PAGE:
1. What does “Engineering” imply?
a. improving the quality of the products with high technology
b. employing skillful engineers
c. installing modern machinery
d. all of the above
2. In terms of marketing, the purpose of controlling costs is ____________________.
a. to make the unit costs of the products as low as possible.
b. to reduce the employees’ salary
c. to lower the overhead
d. to reduce the advertising budget of the company
3. According to the text, marketing has to be all-pervasive, part of everyone’s job description. This implies _________ .
a. everyone must work as marketers.
b. everyone must work for the marketing department
c. everyone must involve in selling products
d. marketing is represented by all the activities of a business
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 True or False?
4. Marketing is equivalent to advertising.
5. A cleaner’s job also serves marketing.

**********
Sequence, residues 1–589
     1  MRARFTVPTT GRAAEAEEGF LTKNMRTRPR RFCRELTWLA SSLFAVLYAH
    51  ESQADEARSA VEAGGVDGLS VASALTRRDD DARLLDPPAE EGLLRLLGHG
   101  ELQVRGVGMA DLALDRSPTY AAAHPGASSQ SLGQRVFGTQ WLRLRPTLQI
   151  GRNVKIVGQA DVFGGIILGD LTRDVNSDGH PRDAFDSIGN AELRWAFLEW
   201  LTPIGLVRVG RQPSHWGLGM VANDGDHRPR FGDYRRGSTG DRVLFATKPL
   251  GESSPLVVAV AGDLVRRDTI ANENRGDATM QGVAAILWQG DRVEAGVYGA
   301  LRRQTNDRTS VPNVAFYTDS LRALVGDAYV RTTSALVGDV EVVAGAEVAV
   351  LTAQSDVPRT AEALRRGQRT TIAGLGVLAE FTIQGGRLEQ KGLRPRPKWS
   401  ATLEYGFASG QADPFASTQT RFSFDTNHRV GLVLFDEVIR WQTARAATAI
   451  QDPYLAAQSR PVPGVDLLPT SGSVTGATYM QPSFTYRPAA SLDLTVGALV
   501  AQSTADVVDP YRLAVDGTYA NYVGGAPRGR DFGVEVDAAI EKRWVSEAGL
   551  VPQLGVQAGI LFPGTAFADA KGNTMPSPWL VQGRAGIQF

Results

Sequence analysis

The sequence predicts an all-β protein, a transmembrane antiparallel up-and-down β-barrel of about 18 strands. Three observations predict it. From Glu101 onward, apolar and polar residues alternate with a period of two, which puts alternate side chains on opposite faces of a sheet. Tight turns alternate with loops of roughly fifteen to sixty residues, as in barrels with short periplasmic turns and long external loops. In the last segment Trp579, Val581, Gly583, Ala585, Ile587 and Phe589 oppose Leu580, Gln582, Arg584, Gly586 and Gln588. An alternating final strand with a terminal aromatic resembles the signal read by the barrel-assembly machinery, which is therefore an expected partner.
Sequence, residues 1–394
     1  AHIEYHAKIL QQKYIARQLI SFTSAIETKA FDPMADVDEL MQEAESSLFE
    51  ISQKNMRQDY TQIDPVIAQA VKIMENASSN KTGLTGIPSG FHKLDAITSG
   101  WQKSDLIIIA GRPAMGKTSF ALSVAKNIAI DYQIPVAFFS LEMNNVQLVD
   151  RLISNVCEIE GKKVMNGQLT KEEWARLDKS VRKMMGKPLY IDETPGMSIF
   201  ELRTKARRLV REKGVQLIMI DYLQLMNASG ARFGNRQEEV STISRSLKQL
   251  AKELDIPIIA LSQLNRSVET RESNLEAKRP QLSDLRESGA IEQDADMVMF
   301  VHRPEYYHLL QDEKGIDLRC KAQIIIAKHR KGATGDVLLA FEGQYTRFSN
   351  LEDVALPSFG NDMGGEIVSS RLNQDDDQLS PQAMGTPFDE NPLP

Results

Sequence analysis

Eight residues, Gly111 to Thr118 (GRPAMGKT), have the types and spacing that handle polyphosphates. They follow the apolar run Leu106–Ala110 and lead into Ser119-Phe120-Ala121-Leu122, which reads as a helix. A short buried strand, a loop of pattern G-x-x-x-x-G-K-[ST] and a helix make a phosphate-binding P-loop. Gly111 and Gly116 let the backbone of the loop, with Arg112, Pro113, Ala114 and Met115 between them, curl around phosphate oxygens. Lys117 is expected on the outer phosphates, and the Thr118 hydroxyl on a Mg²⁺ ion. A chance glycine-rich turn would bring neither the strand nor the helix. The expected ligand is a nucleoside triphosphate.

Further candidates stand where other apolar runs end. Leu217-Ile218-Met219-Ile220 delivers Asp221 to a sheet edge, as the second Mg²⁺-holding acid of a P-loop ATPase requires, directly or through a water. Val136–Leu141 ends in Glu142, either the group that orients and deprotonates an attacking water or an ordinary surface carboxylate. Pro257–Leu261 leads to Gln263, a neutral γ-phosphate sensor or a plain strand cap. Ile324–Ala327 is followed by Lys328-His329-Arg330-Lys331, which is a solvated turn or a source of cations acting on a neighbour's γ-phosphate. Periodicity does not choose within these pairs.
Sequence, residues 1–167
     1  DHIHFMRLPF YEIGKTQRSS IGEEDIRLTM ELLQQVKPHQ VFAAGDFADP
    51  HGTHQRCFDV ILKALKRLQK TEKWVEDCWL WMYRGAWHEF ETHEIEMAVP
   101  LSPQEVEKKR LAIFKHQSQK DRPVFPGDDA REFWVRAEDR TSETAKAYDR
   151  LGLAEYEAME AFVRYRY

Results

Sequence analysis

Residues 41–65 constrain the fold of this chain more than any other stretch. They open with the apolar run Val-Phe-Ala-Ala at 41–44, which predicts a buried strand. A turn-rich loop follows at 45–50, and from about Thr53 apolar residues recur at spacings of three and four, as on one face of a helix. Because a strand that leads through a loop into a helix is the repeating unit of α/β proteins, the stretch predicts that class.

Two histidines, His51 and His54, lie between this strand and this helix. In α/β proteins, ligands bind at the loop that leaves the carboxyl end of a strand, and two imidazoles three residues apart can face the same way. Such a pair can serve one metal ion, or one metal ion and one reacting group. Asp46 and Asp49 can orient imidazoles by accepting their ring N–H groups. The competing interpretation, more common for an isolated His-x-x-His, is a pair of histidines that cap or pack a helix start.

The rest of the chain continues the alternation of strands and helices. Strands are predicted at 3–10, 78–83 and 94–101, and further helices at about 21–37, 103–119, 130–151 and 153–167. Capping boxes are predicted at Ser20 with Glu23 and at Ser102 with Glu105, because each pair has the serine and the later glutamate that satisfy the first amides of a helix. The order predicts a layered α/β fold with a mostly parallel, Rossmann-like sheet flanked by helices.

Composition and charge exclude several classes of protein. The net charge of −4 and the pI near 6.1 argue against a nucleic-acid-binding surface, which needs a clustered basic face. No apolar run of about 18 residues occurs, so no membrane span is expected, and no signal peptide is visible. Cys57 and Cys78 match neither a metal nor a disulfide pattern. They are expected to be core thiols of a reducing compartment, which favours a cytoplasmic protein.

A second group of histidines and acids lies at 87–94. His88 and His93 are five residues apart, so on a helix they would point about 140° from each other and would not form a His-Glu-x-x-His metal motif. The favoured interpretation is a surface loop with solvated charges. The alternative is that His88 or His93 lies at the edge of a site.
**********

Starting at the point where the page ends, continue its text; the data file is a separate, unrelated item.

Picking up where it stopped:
 Fill each gap with one of these two terms: sales driven or market-oriented
6. The primary goal for a ____________ company is the highest possible profit in the shortest amount of time.
7. A ____________ business seeks to develop product lines and offer services that can attract consumer interest for
the long term.

POST-READING TASKS
Discussion – Pair work
1. Do you think Regis McKenna’s account of the role of marketing is realistic?
2. Would it work for all industries and markets, or only particular ones?
Vocabulary in new contexts
Fill in each gap with a suitable word/ phrase from the box.
fatal – integrate – oriented – discontinued – agenda - liquidates – unresponsive –
economies of scale – got caught up – drive – absorbed – mentality – maturity – fixated - peak
1. He ………………… in the demonstrations and was then arrested.
2. The slightest mistake may lead to a …………….. disaster
3. Shirali works to help new arrivals ……………… into society by offering practical help and advice.
4. HCMC University of Economics is now a research-…………….. university.
5. The online learning system will be …………….. by the end of this week. Remember to access it as
soon as possible or else you will fail to fulfil your homework.